In 2009, a study conducted by Deloitte predicted that by the end of 2016, 70% of mobile payment users would be less than 40 years old and the annual spend of this so-called Generation Y will be around $2.45trn just in the US.
But first of all, what is an m-payment? M-payment is the use of a mobile device to pay something, such as services, food, etc. A study by PwC showed that in October 2014, approximately 15% of the total purchases in Starbucks’ US stores were paid via its mobile app.
After this outstanding discovery, Starbucks decided to launch a new mobile program across the US in 2015, for customers to pre-order and avoid long queues and wait times. Apple had its newly launched iPhone 6 equipped with an e-wallet, which stores payment information and lets customers pay for items by holding the iPhone just in front of a reader and placing a finger over the fingerprint sensor.
Nevertheless, the m-payments landscape is more complicated and in continued evolution as there are several kinds of services (contactless), different technologies (QR codes and SMS) which allow the use the m-payment service.
Who Are The Clients?
First of all, financial institutions will use the technology, as m-payments offer them protection for current accounts and associated load products. Another advantage is that they provide the opportunity to reduce the use of cash and its relative costs, as well as the opportunity to service unbanked and underbanked communities in a cost-effective way.
Mobile network operators can play an important role too. Thanks to m-payments, they have the chance to recover the costs from infrastructure over the last ten years through an increase in airtime and data usage by consumers. M-payments also provide the opportunity to develop new revenues streams diversifying into new business areas based on incoming consumer needs and behaviors.
Of course, even merchants will be affected by these innovations. Possible upsides could be a higher throughput at the many points-of-sale (POS), and a plummet in service costs due to remote or unmanned POS locations. M-payments may also allow merchants to create deeper and better customer relationships and well-tailored shopping experiences, offering added value services such as digitalized loyalty cards and coupons.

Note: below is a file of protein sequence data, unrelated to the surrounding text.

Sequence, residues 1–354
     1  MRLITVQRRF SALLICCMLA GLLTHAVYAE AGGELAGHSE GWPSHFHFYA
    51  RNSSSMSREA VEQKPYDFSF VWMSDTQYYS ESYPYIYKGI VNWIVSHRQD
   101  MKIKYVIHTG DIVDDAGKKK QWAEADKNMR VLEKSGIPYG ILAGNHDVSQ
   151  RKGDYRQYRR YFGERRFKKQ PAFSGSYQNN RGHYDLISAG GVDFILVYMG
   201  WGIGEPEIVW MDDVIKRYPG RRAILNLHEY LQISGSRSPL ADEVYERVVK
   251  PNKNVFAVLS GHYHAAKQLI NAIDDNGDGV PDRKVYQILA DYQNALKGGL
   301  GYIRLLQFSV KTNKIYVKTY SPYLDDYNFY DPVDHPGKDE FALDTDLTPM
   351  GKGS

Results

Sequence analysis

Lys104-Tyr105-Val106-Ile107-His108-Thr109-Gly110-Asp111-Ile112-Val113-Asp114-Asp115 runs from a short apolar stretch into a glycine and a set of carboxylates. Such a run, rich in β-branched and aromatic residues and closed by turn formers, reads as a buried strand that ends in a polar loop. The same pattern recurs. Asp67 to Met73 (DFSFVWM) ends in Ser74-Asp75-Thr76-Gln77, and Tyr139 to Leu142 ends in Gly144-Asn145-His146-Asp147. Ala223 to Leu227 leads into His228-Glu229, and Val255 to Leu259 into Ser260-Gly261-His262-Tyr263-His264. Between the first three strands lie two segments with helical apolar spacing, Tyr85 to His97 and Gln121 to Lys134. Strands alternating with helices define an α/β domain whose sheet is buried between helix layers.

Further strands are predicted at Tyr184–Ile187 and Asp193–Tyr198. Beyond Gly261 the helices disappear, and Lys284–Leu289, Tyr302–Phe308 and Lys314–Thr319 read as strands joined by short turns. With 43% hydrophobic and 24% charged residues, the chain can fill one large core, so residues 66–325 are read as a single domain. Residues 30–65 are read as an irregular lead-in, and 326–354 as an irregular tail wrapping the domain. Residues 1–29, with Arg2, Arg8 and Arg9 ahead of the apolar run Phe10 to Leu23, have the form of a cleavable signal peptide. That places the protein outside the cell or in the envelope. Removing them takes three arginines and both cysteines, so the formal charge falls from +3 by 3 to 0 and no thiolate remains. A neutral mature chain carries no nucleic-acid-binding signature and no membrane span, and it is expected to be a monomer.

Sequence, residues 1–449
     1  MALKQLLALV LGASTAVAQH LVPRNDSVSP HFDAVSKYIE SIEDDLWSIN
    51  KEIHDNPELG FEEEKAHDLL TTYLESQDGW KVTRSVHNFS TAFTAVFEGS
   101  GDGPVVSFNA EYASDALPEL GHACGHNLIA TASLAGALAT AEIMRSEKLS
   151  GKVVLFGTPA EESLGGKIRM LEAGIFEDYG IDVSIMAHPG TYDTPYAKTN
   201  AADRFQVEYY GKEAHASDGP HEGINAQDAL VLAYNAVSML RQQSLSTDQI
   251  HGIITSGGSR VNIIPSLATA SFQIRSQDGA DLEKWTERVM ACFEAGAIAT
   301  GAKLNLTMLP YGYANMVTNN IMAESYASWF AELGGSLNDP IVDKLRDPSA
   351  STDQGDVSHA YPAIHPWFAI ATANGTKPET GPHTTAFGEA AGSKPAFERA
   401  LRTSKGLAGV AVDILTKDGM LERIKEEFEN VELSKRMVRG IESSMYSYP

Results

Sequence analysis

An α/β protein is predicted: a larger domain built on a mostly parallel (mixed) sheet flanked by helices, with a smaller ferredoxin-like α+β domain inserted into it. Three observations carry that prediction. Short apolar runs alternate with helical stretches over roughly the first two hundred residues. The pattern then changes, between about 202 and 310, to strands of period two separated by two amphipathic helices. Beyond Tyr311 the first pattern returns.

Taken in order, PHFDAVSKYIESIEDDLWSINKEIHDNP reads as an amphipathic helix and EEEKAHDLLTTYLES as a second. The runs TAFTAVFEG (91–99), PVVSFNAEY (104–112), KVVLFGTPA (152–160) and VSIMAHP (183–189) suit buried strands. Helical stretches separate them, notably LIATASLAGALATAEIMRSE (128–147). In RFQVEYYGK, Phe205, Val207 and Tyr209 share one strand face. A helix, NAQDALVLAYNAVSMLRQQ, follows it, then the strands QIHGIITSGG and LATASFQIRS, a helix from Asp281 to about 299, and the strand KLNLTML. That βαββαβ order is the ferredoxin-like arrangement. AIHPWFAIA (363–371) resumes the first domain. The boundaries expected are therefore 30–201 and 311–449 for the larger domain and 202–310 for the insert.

M-payments could also enable consumers to make purchases when they want and where they want, thus becoming independent from cash and this, in turn, could decrease the risk of theft. The m-payment regulation can provide efficient and secure payment systems. This, in turn, may enable governments and countries with the possibility to enhance financial services.
The adoption of m-payments seems to provide great benefits to everyone, plus making life easier than before. However, there are many threats hidden behind these new payment systems. The main significant risk is cyber attacks.
As m-payments work online, the odds to be hit by these cyber attacks have been increasing over the last five years. Cyber attacks may result in stealing not only sensitive information but also credit card numbers. Moreover, the system that enables m-payments needs a handset capable of making a broad range of mobile payments.
Many companies are trying to exploit this new potential. For example, Visa took its first step towards the disruption of the payments market by asking its lenders to test a system that works by sending money over blockchain. The credit card company, which has been investigating blockchain potential for over 18 months, has teamed up with BTL Group, a digital payments startup, to use its technology for processing interbank payments.
This project is designed not only to “decrease the friction of domestic and cross-border transfers between banks,” but also to cut off costs and reduce settlement time and credit risk within the market for transferring money between banks both domestically and across borders.
Blockchain potential could even take on the SWIFT interbank payment system, the main messaging system used by banks to handle large money transfers. As a consequence, over the last few weeks, UBS, Santander, Deutsche Bank and BNY Mellon decided to team up with ICAP and Clearmatics to figure out how to develop a form of digital cash which they believe will be adopted as an industry standard to clear and settle financial trades over blockchain.
by: Emanuele Fabrri via themarketmogul.com
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